J: Despite the intense conflicts that you write about so movingly, the writing is filled with your wonderful sense of humor.

A: I’m not religious, but I have a religious faith in humor. I subscribe to the belief that even in the most difficult circumstances, there’s salvation in story value. I love to make people laugh, and if I can’t laugh at myself I’m doomed.

J: That certainly describes your relationship with the Evil Eye. Both your memoirs fit into a long tradition of dark Jewish humor.

A: In Jewish folklore, if you’re too happy, it’s an invitation to the Evil Eye. Once you let the Evil Eye in, you’re in terrible danger. In the book, I reference the Evil Eye in a self-mocking way. When things are going too well, I’m terrified.

J: One of the beautiful things about the book is the way time flows forward and backward. You’re in the present with your family, and then you’re back with your mother when she was young and vibrant and you and she were canvassing the neighborhood for civil rights.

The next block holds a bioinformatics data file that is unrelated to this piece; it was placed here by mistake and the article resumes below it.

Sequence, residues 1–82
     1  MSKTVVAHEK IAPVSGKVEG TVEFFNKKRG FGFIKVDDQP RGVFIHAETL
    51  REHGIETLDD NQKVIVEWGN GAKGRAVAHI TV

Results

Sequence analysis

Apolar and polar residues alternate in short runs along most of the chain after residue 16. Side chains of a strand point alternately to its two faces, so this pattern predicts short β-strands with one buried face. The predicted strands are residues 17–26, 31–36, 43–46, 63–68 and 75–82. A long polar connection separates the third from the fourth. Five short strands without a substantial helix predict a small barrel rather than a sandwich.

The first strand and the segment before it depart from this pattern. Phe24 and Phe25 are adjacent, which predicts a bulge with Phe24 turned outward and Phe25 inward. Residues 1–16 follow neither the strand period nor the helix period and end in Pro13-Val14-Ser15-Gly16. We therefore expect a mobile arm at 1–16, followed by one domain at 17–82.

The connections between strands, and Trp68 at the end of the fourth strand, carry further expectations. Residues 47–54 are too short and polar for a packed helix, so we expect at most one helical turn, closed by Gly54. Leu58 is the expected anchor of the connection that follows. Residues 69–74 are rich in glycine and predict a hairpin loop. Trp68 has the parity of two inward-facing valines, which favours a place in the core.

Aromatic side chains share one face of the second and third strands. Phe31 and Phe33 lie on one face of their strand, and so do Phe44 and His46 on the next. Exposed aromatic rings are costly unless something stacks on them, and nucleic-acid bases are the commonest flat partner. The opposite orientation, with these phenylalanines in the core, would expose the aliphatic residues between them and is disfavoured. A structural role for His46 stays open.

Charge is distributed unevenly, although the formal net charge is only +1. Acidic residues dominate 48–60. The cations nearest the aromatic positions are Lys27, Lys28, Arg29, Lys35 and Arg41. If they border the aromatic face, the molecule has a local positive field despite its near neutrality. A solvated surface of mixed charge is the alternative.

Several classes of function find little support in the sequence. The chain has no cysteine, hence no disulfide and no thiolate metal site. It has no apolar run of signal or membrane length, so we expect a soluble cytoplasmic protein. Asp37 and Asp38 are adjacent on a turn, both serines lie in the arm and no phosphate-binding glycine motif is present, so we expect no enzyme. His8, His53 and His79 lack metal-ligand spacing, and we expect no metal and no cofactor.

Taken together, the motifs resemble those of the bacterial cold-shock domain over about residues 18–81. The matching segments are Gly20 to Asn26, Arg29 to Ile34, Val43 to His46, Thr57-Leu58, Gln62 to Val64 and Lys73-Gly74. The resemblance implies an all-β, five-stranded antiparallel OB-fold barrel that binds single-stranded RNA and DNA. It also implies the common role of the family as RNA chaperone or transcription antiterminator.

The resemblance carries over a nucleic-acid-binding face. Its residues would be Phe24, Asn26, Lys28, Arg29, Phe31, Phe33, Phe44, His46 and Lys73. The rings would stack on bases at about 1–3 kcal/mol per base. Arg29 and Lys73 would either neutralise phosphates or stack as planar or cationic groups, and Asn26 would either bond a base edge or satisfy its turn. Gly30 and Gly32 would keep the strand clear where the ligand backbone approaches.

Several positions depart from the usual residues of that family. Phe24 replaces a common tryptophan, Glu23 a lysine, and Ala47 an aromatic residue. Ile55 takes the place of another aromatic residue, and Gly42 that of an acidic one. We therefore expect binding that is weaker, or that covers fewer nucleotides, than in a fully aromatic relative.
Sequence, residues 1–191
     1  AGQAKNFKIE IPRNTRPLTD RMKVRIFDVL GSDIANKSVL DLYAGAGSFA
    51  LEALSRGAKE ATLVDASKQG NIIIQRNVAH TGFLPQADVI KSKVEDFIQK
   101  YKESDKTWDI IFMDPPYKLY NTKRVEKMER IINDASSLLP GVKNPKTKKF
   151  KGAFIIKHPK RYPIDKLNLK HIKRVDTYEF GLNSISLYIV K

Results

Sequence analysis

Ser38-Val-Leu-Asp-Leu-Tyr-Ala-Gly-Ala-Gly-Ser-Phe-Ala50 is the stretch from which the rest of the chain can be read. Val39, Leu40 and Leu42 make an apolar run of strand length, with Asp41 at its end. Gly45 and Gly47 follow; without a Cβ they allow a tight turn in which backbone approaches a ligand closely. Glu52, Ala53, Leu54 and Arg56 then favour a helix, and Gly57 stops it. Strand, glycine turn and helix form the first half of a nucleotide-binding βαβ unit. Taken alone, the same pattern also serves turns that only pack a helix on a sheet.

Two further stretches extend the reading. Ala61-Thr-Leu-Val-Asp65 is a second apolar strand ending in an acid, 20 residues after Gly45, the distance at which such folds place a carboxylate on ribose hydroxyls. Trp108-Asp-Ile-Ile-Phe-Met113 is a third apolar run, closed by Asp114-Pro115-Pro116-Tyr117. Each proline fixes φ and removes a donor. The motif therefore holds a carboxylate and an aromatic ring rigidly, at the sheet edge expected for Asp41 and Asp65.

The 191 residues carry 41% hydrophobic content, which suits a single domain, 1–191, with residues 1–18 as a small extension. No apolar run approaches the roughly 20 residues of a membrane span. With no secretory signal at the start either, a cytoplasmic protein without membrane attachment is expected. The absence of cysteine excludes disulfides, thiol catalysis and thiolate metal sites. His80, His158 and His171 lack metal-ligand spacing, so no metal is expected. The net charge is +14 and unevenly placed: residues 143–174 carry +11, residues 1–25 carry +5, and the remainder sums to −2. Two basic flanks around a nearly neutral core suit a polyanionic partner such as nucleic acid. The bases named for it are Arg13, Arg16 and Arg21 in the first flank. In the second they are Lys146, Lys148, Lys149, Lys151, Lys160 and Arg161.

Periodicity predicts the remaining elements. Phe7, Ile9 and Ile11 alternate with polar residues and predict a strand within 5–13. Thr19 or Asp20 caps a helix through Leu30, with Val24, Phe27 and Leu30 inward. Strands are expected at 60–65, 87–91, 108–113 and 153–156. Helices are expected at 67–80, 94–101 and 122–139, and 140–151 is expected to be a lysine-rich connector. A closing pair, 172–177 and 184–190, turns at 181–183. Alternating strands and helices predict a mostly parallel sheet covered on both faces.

A: There are two concentric stories, like two planets orbiting the sun: the present-day narrative about my family, which lasts twelve months, and the story of my youth, which lasts twenty years. Both unfold simultaneously, the year of crisis eliciting events from my childhood. It’s as if the past and the present coexist.

J: Your daughters are vivid characters in this story, but your mother really comes shining through. Her voice is so clear that, as a reader, I feel that she’s sitting right beside me. Tell us a bit about your beautiful, intelligent, unusual mother.